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Nature. 2012 Nov 8;491(7423):212-7. doi: 10.1038/nature11527. Epub 2012 Oct 14.

Input-specific control of reward and aversion in the ventral tegmental area.

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1
Nancy Pritzker Laboratory, Department of Psychiatry and Behavioral Sciences, Stanford University School of Medicine, 265 Campus Drive, Stanford, California 94305, USA.

Abstract

Ventral tegmental area (VTA) dopamine neurons have important roles in adaptive and pathological brain functions related to reward and motivation. However, it is unknown whether subpopulations of VTA dopamine neurons participate in distinct circuits that encode different motivational signatures, and whether inputs to the VTA differentially modulate such circuits. Here we show that, because of differences in synaptic connectivity, activation of inputs to the VTA from the laterodorsal tegmentum and the lateral habenula elicit reward and aversion in mice, respectively. Laterodorsal tegmentum neurons preferentially synapse on dopamine neurons projecting to the nucleus accumbens lateral shell, whereas lateral habenula neurons synapse primarily on dopamine neurons projecting to the medial prefrontal cortex as well as on GABAergic (γ-aminobutyric-acid-containing) neurons in the rostromedial tegmental nucleus. These results establish that distinct VTA circuits generate reward and aversion, and thereby provide a new framework for understanding the circuit basis of adaptive and pathological motivated behaviours.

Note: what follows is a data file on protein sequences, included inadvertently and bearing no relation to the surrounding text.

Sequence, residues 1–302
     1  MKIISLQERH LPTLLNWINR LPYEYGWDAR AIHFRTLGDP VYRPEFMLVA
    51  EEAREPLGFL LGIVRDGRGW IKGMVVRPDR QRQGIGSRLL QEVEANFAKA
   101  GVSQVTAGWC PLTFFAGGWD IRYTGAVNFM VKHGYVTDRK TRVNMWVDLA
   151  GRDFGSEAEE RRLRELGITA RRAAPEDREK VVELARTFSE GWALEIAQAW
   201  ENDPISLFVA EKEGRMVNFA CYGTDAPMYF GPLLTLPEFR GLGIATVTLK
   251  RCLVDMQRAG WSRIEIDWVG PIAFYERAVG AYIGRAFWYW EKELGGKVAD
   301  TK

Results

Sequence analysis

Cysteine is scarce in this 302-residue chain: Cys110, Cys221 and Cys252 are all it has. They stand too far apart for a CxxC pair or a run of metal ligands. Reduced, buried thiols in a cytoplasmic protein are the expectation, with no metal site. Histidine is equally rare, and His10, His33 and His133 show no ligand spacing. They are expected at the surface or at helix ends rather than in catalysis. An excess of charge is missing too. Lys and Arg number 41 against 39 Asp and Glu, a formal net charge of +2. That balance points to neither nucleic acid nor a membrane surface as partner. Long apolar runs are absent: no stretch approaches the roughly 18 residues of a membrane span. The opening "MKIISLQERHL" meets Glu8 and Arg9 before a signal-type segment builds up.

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PMID:
23064228
PMCID:
PMC3493743
DOI:
10.1038/nature11527
[Indexed for MEDLINE]
Free PMC Article
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